Trust me, I’m an historian
My history degree taught me a few things: the delights of a good lie-in, for example. Or the strategic use of "that’s not my period" to avoid answering questions about actual historical facts.
A third was the rule that every generation believes it is uniquely smart and scientific, and the previous lot were, by comparison, imbecilic, knuckle-dragging morons.
Take war. Every combatant in every battle since the year dot has comforted himself that, unlike yesteryear’s unfocused and (probably) illegal technology, the weapon at his fingertips is, quite literally, a ‘smart bomb’. No civilian casualities there. No sireee.
Then, some time later, a report will come out showing just how 'un-smart' the technology really was. Everything gets forgotten and the process starts again.
From precision bombing to precision marketing
So forgive me for harbouring the teensiest bit of cynicism at the big marketing buzz phrase of 2012: big data.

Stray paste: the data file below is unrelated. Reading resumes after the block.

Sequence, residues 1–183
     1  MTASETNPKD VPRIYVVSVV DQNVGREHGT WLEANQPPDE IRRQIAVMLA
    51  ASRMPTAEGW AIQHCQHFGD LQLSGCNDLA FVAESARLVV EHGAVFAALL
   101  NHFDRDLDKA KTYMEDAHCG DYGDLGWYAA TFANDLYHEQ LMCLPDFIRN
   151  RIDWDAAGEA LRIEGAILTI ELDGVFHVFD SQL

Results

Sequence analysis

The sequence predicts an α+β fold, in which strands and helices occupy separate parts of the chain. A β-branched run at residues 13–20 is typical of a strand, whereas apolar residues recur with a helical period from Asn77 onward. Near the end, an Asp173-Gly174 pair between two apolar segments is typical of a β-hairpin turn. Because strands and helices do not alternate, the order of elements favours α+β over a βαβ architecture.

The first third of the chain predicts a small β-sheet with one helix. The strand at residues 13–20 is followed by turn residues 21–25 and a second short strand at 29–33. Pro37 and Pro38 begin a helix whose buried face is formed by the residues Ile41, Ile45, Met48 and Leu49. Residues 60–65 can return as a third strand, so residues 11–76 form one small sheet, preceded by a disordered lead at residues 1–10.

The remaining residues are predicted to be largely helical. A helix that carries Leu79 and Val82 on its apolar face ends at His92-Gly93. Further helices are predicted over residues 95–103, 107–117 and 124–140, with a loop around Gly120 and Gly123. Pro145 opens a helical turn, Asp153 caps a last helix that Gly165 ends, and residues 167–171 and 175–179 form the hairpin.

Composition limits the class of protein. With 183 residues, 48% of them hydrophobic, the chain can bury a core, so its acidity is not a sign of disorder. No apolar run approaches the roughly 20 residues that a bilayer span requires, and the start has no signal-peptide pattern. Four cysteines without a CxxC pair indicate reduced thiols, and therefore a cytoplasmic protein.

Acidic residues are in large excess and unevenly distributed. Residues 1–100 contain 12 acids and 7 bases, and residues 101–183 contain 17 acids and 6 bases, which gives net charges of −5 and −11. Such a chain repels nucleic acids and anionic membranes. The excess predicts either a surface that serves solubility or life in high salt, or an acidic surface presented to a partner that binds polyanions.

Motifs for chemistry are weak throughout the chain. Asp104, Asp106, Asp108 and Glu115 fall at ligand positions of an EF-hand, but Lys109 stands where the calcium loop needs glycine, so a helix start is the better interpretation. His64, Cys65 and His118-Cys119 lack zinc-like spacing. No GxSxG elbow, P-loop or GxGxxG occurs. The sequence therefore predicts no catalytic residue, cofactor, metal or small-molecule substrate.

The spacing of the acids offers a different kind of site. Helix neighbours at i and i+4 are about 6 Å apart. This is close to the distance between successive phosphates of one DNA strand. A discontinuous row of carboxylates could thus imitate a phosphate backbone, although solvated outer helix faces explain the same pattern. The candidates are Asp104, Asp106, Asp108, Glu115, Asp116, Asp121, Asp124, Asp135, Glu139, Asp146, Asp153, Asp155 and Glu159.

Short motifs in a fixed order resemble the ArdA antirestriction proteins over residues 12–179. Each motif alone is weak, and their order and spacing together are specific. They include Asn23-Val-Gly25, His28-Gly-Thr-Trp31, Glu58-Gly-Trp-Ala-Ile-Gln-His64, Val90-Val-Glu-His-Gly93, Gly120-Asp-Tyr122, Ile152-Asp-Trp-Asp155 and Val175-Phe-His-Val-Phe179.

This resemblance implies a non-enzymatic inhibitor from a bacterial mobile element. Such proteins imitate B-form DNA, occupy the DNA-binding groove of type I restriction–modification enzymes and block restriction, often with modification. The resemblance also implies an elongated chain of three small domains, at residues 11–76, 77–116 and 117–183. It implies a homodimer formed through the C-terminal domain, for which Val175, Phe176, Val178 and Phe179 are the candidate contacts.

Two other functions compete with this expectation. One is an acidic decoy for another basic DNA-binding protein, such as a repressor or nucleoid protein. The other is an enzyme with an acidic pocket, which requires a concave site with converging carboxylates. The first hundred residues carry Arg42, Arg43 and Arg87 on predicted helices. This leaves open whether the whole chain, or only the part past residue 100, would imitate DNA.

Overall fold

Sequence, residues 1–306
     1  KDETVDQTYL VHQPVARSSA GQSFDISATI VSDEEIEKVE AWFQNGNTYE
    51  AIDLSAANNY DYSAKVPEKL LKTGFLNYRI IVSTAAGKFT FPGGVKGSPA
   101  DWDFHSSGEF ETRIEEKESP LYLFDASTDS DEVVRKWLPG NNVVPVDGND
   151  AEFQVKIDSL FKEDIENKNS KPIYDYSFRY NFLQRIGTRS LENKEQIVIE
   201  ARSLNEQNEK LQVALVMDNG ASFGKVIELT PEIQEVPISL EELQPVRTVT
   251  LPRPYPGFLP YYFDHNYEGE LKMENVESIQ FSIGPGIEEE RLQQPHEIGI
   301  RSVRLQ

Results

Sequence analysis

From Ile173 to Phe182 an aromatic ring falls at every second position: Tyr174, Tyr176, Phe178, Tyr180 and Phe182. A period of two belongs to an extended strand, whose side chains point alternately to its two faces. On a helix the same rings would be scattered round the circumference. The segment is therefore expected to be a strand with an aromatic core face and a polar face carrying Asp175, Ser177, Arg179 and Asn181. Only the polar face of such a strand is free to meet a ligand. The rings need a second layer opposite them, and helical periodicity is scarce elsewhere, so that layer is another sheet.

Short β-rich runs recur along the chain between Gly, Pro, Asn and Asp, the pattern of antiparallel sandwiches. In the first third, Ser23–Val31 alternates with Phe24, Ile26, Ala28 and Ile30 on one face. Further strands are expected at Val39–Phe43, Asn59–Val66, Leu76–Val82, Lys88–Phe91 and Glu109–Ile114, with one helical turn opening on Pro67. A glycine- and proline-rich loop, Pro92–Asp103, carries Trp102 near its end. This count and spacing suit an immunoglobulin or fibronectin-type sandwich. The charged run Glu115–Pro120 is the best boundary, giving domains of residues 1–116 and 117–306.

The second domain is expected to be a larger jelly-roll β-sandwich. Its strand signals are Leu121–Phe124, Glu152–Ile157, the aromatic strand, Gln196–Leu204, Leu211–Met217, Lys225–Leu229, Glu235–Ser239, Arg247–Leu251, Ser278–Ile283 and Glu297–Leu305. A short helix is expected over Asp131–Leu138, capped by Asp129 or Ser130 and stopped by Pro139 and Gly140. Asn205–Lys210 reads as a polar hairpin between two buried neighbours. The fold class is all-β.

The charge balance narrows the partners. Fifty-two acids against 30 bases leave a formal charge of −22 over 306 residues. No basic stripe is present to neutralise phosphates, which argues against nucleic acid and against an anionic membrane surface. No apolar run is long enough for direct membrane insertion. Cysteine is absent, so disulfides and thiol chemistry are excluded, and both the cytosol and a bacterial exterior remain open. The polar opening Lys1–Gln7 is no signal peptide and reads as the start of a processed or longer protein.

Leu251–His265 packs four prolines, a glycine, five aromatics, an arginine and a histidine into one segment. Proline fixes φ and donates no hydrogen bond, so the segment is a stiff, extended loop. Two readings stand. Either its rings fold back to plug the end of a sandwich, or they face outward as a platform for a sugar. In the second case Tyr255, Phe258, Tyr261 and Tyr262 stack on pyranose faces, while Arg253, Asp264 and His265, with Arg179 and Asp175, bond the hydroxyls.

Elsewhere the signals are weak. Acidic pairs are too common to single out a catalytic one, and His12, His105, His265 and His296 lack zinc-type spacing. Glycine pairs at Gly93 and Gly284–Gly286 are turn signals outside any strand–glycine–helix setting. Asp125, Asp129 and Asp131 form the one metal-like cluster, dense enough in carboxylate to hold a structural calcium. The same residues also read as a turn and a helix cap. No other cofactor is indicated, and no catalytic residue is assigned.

Big data is the idea that ever-growing datasets (social actions, web searches, public records etc), combined with increasingly powerful analytics, will lead to a new marketing nirvana of precision micro-targeting.
Effectively, it’s genotyping the consumer realm, and it’s got some real fans, as can be seen from this breathlessly excited article.
Now, I’m not saying there aren’t some interesting benefits and ways in which this data can be used. But the historian in me isn’t 100 per cent with the cheerleaders on this one.
Firstly, big data is still more logical, predictable and rational than the people it measures. People are weird. They do strange things in odd moods. How can big data really capture and, more importantly, accurately predict that?
Secondly, big data can just get it wrong. What do you do if your TiVO thinks you’re gay (and you’re not)?
Thirdly, big data is, well, small. People are social animals. Our buying habits follow the herd. Social signalling is what makes a brand such a powerful thing. If big data existed in all its micro-segmenting glory 100 years ago, would Coca-Cola still be around today?